• Hollywood, FL |
  • 954-640-6010

WHAT SHOULD I KNOW BEFORE A SURGICAL EVALUATION: GOALS, EXPECTATIONS AND CONCERNS

Overview

Surgery is a branch of medicine that deals with the treatment, management, and assessment of a wide range of medical conditions. It is the treatment of injuries or disorders of the body by incision or manipulation, especially with instruments.

A surgery consultation is the first step towards understanding your diagnosis and asking relevant questions you may have. It is an essential part for both your surgeon and you. During the consultation a clinical assessment involves the surgeon asking about your complaint (History) and performing an examination (Physical) to determine your diagnosis. Based on this diagnosis a surgical recommendation is made by the surgeon and any further questions can be answered about the procedure, benefits and risks. At this time if the you agree to surgery, you may be consented to have a record of the type of procedure and a tentative date scheduled.

Our practice offers further follow up with a concierge service. Further education classes and logistics for surgery schedule is coordinated for you.

According to the data of Centers for Disease Control and Prevention (CDC), approximately 22.5 million surgeries are performed in ambulatory surgery centers every year.

Goals of Surgery

  • Ensure the patient is not subjected to unnecessary pain, discomfort, and recovery process

  • Suggest the most suitable surgical technique or procedure to treat the disease, reduce the symptoms, or manage the condition

  • Make the patient fully understand the potential risks or complications of the procedure

  • Outline an individualized surgical plan that can be followed through

  • Keep track of the patient’s progress and recovery, especially during the first 24 to 48 hours after the surgical procedure

Expectations and Fears

Patients go through surgery consultation when they are referred by their primary care provider (PCP) or other specialists

Are meant for surgery? If the surgeons determine the patients are likely candidates for surgery, they conduct more consultations wherein they perform or interpret test results, plan the surgical procedure (including the date of the surgery), recovery program, etc.

What occurs when surgery is complete? Consultations are also carried out as soon as the surgery has been completed. At this point, the surgeon’s concern is to ensure that the patient responded well to the procedure and to verify whether there are complications.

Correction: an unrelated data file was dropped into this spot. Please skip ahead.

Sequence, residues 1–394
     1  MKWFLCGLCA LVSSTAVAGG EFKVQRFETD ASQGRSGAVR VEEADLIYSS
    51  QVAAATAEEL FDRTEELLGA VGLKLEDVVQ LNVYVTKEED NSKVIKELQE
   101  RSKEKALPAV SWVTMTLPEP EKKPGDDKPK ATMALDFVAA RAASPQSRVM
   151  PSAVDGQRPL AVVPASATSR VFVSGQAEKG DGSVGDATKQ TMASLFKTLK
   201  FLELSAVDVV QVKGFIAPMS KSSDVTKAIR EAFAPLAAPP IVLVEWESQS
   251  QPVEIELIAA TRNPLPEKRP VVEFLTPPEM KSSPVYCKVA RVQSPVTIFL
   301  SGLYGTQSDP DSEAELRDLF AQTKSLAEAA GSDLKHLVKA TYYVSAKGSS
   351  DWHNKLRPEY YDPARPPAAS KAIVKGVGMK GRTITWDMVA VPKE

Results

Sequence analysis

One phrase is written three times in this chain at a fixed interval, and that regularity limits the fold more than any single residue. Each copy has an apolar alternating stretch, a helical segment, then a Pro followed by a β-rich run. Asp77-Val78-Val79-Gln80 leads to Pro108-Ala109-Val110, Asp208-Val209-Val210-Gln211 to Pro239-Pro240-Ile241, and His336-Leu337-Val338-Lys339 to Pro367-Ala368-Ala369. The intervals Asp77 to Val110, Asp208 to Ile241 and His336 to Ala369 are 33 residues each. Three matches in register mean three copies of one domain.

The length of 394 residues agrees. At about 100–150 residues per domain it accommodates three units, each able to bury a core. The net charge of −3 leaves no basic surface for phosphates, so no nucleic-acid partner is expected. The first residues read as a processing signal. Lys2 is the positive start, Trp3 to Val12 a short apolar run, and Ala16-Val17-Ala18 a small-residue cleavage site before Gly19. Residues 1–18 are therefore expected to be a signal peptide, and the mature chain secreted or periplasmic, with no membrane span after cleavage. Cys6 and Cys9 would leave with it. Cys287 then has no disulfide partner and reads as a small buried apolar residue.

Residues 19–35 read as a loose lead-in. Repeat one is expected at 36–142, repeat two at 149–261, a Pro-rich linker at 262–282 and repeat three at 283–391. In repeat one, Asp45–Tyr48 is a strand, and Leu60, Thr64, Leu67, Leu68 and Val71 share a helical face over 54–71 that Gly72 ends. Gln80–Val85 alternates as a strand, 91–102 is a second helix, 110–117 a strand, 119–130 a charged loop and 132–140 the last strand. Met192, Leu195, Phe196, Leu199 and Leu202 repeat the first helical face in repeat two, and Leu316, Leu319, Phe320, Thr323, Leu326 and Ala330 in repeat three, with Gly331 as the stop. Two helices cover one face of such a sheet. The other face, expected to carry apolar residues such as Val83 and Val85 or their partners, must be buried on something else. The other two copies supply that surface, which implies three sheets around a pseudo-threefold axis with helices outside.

What happens if there is a complication? Not all surgical complications occur quickly. In some cases, it takes days or even years for them to be discovered. Patients who develop such are encouraged to set an appointment with their surgeon, so the complications are addressed as soon as possible, preventing them from getting worse.

The expected results of the surgery depend on the goal of the consultation. The patients may:

  • Learn whether they are fit for surgery or, if not, understand the reasons why and determine other possible treatment options

  • Identify the risks and possible results of the surgery so they can decide for themselves whether to proceed with it or not. In the case of minors (pediatrics), the decision rests with the adult, who is either a parent or a guardian.

  • Obtain a better picture and prognosis of the disease based on the additional tests

  • Ensure patients are prepared physically, mentally, and even spiritually for the surgery

  • Determine the best steps to take during the post-operative care

How Does the Procedure Work?

Most of the surgical consultations are planned. This means the patient has been referred by a doctor or a specialist following the results of initial tests. Patients then set appointments with the recommended or their chosen surgeon.

During the initial pre-operative consultation, the surgeon asks a series of questions to know the main concern of the patient, from the disease to the fears or discomfort about surgeries. The surgeon then reviews the results of the exams, which should have been forwarded before the consultation. If the tests are not enough to decide, the surgeon may request for more tests, which will then be evaluated and discussed during the next consultation.

Possible Risks and Complications

A surgery consultation doesn’t in any way guarantee the elimination of risks and complications. However, one of the primary objectives of the consultation is to reduce and/or mitigate these risks, which can include bleeding, infection, and organ failure. Patients and surgeons should work hand in hand to ensure the patient’s safety all throughout the surgical process.

Building from the ground up, we strive to be a global outpatient Academic Orthopedic and Neurosurgery-Spine Specialty & Research Institute of Excellence. We aim to lead in Less Exposure Surgery techniques. For questions and scheduling call 855-411-LESS.

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